The high beam quality of single-mode fiber lasers attracted other users, from the research to military communities, who wanted higher powers along with good beam quality. That required overcoming nonlinear effects that increase with power density and the distance light travels through the fiber, which could be done by increasing the effective mode area in single-mode fibers.
The core diameter needed to maintain single-mode transmission in an optical fiber depends on the refractive-index difference between the core and cladding; the smaller the difference, the larger the diameter of a core that could support single-mode transmission. For passive fibers used in telecommunications, a typical index difference is one percent, and a typical single-mode core diameter (for 1.3-µm transmission) is around 9 µm.
Nonlinear effects in a fiber laser are proportional to the core area, so reducing the core-cladding difference enough to double the single-mode core diameter should allow a solid fiber laser to deliver four times more power. The actual effects are more complex, because reducing the core-cladding refractive-index difference comes with tradeoffs. Large-mode-area fibers typically allow propagation of some higher-order modes, but fibers can be designed or installed to attenuate higher-order modes with little effect on the fundamental mode.
Microstructured or photonic-crystal fibers, in which parallel holes run along the fiber axis, can provide even larger effective core areas for single-mode transmission. For fiber lasers, the holes are fabricated in the inner cladding, which guides the pump light, leaving the doped core solid. This led to development of “rod-type” photonic crystals, which get their name because they are so large and thick that they become inflexible.
In 2006, for example, Jens Limpert’s group at Friedrich Schiller University (FSU) Jena, Germany, made a fiber with an 85-µm doped solid active core and a 200-µm microstructured inner cladding for collecting and guiding pump light, surrounded by an “air cladding” with closely spaced large air holes to confine the pump light. The rod-like fiber had a mode-field diameter of 70 µm and a 1.5-mm outer cladding.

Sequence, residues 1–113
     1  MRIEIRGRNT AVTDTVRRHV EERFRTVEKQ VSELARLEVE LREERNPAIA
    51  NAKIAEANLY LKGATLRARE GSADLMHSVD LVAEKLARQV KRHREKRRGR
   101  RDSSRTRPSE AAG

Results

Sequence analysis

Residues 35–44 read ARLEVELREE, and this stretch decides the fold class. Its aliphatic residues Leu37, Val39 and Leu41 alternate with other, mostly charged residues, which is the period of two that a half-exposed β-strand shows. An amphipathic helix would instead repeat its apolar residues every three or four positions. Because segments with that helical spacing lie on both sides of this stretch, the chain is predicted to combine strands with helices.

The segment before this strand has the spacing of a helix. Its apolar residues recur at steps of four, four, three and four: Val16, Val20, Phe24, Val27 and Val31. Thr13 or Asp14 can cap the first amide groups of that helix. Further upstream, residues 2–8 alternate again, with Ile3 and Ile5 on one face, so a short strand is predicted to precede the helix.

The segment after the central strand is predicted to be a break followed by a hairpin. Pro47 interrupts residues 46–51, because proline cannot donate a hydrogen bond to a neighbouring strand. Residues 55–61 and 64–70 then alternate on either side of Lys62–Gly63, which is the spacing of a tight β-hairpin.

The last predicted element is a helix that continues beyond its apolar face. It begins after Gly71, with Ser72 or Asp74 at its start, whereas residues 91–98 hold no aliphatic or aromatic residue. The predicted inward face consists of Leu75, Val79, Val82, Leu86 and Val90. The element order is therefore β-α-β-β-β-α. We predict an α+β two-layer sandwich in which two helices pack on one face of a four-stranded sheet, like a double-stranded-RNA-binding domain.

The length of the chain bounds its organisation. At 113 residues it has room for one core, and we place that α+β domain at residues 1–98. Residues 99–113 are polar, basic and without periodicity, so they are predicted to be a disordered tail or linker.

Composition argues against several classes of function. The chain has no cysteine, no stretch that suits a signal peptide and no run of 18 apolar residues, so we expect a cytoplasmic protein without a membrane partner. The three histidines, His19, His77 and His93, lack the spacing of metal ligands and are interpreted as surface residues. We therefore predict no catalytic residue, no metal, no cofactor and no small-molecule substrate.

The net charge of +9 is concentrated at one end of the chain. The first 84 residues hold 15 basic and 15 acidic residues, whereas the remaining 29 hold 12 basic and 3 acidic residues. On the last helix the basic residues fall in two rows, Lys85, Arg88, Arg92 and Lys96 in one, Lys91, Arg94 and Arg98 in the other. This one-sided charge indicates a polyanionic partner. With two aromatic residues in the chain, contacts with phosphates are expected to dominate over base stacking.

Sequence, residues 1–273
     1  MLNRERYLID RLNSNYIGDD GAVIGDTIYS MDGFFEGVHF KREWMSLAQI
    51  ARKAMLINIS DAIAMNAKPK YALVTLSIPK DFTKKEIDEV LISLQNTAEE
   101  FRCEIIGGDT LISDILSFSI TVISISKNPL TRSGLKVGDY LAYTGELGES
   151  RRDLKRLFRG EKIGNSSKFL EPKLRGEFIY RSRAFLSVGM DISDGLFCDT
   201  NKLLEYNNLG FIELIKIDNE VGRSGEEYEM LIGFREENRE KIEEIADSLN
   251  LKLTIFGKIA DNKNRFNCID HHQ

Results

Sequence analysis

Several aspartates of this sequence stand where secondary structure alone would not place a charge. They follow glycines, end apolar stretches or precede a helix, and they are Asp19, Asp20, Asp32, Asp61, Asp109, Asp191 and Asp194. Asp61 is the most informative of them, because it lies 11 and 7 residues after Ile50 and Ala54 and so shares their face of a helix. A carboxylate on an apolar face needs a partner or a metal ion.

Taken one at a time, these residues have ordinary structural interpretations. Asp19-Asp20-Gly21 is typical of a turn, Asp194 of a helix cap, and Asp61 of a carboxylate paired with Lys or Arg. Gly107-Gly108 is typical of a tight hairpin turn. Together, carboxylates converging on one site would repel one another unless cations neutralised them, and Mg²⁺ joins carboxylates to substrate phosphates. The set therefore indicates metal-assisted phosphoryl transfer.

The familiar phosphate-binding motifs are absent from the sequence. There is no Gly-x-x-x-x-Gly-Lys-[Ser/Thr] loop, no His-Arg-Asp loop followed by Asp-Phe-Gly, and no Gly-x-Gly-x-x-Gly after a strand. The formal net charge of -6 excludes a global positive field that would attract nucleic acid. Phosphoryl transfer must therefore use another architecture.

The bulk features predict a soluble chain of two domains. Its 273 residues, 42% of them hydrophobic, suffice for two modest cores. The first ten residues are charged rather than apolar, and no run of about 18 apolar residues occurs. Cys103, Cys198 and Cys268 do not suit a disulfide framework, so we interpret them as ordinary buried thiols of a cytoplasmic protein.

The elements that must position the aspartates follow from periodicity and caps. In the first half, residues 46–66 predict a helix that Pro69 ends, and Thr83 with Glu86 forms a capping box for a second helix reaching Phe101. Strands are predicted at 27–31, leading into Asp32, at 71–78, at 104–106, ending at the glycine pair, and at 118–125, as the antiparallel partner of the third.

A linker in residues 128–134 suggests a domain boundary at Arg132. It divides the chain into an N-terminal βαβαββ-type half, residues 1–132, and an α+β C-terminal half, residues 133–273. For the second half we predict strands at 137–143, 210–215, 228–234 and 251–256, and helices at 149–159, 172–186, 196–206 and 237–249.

In a “rod-type” photonic-crystal fiber, parallel holes along the fiber axis confine and guide light, providing even larger effective core areas for single-mode transmission. [J. Limpert, OFC Conference 2017, paper W1F.5]
Further progress has led to new designs for microstructured fibers that have reached mode-field diameters of about 130 µm. Those fiber lasers have large spacings—10 to 30 times the laser wavelength—between holes in their inner claddings. The large spacing eases fabrication tolerance, but the rod-like fibers must be kept very straight during laser operation to prevent the mode field from collapsing. However, their maximum output is limited by thermal effects that change waveguiding as the output increases, reducing mode-field diameter.
Perhaps the most surprising success of high-power fiber lasers has been in military systems for defense against relatively short-range weapons, such as rockets, artillery, mortars, small boats and drones.